Mets fans are starting to wonder…
Raise the Jolly Roger.
Via ESPN -
Baltimore outfielder Adam Jones continued his outspoken ways during the Orioles’ just-completed series in New York.
One day after lashing out about two fans who ran onto the field at Yankee Stadium, Jones said he wasn’t buying into the hype surrounding $155 million Japanese right-hander Masahiro Tanaka.
“Why don’t you ask Tanaka about me? I’m the one who’s been over here in the major leagues for a while,” the Baltimore Orioles’ center fielder said Tuesday, according to Newsday. “Congratulations, he did it over there. Don’t make it like he’s the dirtiest guy in the world. He was 24-0 — in Japan.
Jones, who struck out twice against Tanaka on Wednesday at Yankee Stadium, still wasn’t impressed after the Orioles’ 5-4 victory.
“Am I [supposed] to go home and say I faced Tanaka tonight? Just go throw a party that I faced Tanaka? It’s another pitcher,” Jones told Newsday. “Another pitcher in the rotation. Nothing special to me. It’s just another guy that we have to go through to get to where we want to be.”
Do I sense the O’s trying to get some bad blood brewing?
Man, he can pick it. Where did the Mets ever find him?
Let’s see if they get more in return than the Yankees do, when New York trades one of their surplus catchers this spring.
Via CBS –
New York Mets pitching coach Dan Warthen apologized Wednesday for using a slur during a locker-room conversation with Daisuke Matsuzaka’s interpreter.
The slur was overheard by Wall Street Journal reporter Stu Woo.
“I apologize for the thoughtless remarks that I made yesterday in the clubhouse,” Warthen said in a statement released by the team. “They were a poor attempt at humor but were wrong and inappropriate in any setting. I am very sorry.”
Woo wrote Wednesday that he was “startled” when the 61-year-old Warthen approached Matsuzaka’s Japanese-American interpreter, Jeff Cutler, earlier this week and said, “I’m sorry I called you a ‘Chinaman’ yesterday.”
After Cutler replied “It’s OK,” Warthen added, “I didn’t mean to insinuate –- I know you’re not Chinese. … I thought it was a pretty good joke, though.”
Cutler told Woo he wasn’t offended by the joke referred to by Warthen. But it was a different story for the Chinese-American reporter.
“I didn’t want to be complicit in tolerating the use of a slur that should have been retired long ago,” he wrote.
Mets general manager Sandy Alderson also apologized for Warthen’s “insensitive remarks” — the slur was once commonly used to disparage Chinese immigrants, Woo wrote — on behalf of the franchise.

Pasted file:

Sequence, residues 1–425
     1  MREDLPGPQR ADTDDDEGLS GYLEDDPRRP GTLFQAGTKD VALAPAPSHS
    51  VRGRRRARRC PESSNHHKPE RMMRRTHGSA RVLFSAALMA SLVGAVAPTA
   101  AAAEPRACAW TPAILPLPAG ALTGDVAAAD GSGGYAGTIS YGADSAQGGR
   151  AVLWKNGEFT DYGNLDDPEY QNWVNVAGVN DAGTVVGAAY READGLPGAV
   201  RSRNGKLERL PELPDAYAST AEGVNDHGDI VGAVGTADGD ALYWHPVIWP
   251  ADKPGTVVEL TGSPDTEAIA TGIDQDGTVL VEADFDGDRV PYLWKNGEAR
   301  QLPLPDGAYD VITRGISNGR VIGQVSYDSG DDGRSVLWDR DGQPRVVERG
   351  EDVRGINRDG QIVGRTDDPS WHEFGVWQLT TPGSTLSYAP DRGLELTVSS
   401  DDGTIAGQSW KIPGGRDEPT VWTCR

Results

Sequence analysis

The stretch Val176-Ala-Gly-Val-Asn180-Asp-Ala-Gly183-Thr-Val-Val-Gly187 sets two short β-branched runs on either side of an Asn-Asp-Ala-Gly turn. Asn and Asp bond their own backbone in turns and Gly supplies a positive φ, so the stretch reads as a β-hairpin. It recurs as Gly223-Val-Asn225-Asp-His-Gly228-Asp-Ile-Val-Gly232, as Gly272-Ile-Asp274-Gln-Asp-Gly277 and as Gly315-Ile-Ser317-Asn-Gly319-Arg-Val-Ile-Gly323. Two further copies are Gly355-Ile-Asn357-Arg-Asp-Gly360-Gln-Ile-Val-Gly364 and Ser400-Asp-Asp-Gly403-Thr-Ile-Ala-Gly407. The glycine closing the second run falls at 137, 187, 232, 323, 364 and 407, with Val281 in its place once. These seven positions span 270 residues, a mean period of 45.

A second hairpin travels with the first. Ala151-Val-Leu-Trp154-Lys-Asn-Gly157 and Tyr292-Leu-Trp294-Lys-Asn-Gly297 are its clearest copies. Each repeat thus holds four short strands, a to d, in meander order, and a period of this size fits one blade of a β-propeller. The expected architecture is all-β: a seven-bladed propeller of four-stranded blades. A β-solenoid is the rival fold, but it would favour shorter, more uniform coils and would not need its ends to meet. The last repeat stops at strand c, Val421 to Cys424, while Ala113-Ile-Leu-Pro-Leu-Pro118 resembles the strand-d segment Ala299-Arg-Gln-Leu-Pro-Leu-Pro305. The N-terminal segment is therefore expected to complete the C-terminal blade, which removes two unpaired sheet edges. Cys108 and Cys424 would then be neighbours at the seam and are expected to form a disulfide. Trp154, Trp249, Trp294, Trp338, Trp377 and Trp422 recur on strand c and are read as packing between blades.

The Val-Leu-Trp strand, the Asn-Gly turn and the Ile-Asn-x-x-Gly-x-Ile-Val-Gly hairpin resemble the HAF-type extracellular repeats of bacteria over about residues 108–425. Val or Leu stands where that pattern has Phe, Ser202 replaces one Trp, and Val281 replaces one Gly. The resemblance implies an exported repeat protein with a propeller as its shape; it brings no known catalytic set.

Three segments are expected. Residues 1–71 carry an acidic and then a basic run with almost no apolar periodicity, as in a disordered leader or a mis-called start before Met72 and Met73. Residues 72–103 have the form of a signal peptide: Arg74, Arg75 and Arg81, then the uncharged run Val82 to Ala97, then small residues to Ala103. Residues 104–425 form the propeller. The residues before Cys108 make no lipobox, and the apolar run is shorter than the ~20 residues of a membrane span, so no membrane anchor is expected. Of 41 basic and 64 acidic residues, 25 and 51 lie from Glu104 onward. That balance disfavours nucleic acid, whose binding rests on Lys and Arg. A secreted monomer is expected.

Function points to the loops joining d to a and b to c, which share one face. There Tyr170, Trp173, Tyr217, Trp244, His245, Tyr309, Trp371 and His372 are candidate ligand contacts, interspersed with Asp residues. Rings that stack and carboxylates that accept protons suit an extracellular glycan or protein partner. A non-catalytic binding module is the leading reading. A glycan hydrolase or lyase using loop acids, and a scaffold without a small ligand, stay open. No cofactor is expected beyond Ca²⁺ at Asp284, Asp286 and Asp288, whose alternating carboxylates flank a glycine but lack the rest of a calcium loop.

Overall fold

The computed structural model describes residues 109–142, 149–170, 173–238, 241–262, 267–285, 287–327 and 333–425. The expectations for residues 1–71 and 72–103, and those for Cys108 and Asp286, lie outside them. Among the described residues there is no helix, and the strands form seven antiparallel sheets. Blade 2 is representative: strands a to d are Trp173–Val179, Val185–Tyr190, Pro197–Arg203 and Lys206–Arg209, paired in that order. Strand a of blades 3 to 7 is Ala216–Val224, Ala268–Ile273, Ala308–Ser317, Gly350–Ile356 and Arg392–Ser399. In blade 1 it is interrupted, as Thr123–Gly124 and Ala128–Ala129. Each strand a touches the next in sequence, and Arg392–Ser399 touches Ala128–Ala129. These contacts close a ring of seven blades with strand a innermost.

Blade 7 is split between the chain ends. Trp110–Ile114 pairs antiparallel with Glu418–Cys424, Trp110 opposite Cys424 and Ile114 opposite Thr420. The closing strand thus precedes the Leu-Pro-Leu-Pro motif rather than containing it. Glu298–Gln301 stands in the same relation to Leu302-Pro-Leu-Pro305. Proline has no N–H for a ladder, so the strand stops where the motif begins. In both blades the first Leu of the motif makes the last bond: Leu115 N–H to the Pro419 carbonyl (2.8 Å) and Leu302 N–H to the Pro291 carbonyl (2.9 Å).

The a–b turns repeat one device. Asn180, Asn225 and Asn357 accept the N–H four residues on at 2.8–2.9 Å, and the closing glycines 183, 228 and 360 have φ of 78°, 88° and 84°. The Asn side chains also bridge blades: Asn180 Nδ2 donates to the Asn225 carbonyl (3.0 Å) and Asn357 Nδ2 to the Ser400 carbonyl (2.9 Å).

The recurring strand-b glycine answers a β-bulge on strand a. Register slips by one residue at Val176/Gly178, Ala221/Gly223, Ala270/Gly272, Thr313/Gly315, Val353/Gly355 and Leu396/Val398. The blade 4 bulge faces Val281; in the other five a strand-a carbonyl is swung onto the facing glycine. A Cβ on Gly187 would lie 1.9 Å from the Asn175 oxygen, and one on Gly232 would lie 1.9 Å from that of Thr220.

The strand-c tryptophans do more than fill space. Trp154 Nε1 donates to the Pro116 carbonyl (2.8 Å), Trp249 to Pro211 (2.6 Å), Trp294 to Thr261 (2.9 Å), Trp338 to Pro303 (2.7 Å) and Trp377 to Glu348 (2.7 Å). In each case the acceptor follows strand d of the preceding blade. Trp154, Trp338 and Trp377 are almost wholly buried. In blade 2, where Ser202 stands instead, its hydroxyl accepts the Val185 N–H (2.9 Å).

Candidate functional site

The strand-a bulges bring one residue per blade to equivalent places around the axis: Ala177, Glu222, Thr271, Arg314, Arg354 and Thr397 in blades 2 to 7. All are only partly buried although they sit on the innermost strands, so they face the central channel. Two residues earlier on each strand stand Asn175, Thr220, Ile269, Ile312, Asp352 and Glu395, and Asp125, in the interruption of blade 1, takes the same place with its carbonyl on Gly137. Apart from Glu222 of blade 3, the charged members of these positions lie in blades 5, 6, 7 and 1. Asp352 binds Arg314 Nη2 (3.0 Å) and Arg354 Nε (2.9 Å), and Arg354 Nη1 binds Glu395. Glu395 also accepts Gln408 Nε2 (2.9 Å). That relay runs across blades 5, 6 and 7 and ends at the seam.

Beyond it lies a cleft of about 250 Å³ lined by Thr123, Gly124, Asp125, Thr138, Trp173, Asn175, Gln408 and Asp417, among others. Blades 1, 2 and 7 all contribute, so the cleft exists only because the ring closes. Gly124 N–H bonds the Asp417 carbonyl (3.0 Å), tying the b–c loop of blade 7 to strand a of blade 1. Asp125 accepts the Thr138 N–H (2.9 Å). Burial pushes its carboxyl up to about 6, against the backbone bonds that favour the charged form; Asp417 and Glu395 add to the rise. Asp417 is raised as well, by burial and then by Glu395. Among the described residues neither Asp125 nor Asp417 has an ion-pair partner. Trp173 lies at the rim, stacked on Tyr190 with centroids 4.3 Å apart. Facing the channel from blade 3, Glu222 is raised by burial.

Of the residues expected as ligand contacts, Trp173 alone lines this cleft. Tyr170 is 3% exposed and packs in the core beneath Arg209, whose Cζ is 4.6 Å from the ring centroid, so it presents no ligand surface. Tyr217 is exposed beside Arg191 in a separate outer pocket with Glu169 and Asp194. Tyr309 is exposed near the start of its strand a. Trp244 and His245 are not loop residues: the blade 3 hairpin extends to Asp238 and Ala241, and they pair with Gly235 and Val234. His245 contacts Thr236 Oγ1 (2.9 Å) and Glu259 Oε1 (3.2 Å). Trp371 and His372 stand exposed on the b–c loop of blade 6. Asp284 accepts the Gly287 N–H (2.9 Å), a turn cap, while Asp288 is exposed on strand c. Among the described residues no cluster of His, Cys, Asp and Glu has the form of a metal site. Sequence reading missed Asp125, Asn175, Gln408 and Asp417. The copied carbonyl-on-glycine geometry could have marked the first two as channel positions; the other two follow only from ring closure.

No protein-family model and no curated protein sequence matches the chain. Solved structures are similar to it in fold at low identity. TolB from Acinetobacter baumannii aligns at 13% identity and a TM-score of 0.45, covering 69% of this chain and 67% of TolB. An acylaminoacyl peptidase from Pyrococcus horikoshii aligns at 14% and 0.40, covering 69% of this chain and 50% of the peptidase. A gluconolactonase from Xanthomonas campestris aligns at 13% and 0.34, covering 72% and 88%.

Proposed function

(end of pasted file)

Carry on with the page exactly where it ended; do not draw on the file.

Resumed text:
“The remarks were offensive and inappropriate and the organization is very sorry,” Alderson said.
The whole thing reminds me of a scene from a movie.
Via the Post -
In less than two weeks with the Mets in spring training, Jose Valverde has emerged as the leader of, what the reliever calls, the team’s “Dominican Mafia.”
The members include young pitchers Jenrry Mejia, Jeurys Familia, Rafael Montero and Gonzalez Germen, and meetings are held in a corner of the clubhouse near Valverde’s locker. Another veteran Dominican pitcher, Bartolo Colon, also presides.
“It feels like we are brothers here,” Mejia said Tuesday.
Valverde views his leadership of the “Dominican Mafia” as part of the job description, as he attempts to land a spot in the Mets bullpen, after signing a minor league deal with the club this month.
Omar Minaya could not be reached for comment.
Via Sean McAdam –
The rivarly between the players on the field — save for an occasional Ryan Dempster target practice at A-Rod — has cooled. But as long as Larry Lucchino and Randy Levine are around, the Red Sox and Yankees will always be the Hatfields and the McCoys.
In his annual spring-training meeting with the media on Friday, Lucchino seemed to take more than a little satisfaction in watching the Yankees spend more than a half-billion dollars this winter on free agents Brian McCann, Jacoby Ellsbury, Carlos Beltran and Masahiro Tanaka, trying to play catch-up to the world champion Red Sox.
“We’re very different animals,” the Red Sox CEO said of the Sox and Yanks. “I’m proud of that difference. I always cringe when people lump us together.”
By contrast, the Sox continued the philosophy that brought them a championship, signing complementary players — like catcher A.J. Pierzynski and pitcher Chris Capuano — to cheaper, shorter-term deals.
The Yankees, said Lucchino, “are still, this year at least, relying heavily on their inimitable old-fashioned Yankees style of high-priced, long-term free agents. And I can’t say that I wish them well, but I think that we’ve taken a different approach.”
Well, you knew Levine — the Yankees’ president and CEO, who has tangled with Lucchino in the past — wouldn’t take that lying down.
“I feel bad for Larry; he constantly sees ghosts and is spooked by the Yankees,” Levine said. “But I can understand why, because under his and Bobby Valentine’s plan two years ago, the Red Sox were in last place.”